TRPV2

opens at around 50° C

TRPV3

opens at around 30° C

TRPV4

opens at around 30° C

TRPM2, TRPM4, TRPM5

known to be heat sensitive

Table 5. Cold activated TRP channels:[12]

TRP channel

Temperature

TRPM8

opens at around 20° C or lower

TRPC5

sensitive between 37-25° C

Food and the TRP Channel Connection

TRP Channels’ Effects on Skin

Patients can experience increased skin sensitivity and episodes of burning after eating spices. TRPV-1 can be found in skin cells and endothelial cells of capillaries in the dermis.[13] Non-neuronal TRPV 1-4 cation channels have been shown to be differentially regulated in patients with rosacea.[10]

Selective TRPV 1 antagonists seem to inhibit flare responses, pain, and heat hyperalgesia to capsaicin, heat, and UVB light respectively.[14] These findings suggest that TRPV-1 channels might play a role in the pathogenesis of rosacea since capsaicin and heat are common triggers for rosacea.[15]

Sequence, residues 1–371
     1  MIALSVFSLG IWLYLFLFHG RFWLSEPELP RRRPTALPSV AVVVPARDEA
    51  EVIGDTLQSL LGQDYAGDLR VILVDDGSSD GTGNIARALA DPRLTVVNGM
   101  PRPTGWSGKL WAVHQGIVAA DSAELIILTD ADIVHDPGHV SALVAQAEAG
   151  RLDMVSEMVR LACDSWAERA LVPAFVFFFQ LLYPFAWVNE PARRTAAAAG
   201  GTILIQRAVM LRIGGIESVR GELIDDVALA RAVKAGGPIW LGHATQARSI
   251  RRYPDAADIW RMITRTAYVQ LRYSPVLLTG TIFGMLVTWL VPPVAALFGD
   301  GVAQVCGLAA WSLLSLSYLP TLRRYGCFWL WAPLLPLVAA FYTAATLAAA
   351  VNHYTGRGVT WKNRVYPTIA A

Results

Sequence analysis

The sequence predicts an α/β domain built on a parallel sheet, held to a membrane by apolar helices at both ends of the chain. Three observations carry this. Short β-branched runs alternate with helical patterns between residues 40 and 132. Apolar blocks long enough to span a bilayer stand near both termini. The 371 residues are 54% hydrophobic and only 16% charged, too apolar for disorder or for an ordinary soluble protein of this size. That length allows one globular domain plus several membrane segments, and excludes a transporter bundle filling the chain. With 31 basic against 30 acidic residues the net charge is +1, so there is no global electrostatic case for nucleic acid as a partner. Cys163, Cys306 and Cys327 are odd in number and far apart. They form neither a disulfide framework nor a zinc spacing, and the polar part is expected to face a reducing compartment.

Spices, Heat & Temperature

Exogenous agonists for TRPA1 and TRPV1 channels are associated with the compounds in vegetables and spices. Capsaicin can activate TRPV1 and cinnamaldehyde can activate TRPA1, which all leads to an acute painful burning sensation which may be similar to that observed in rosacea.[8]

Temperature can also affect rosacea flare-ups by activating the TRP channels that are sensitive to temperature. Specific triggers such as temperature changes can activate the channels which then mediate the symptoms of rosacea such as inflammation and flushing. [10]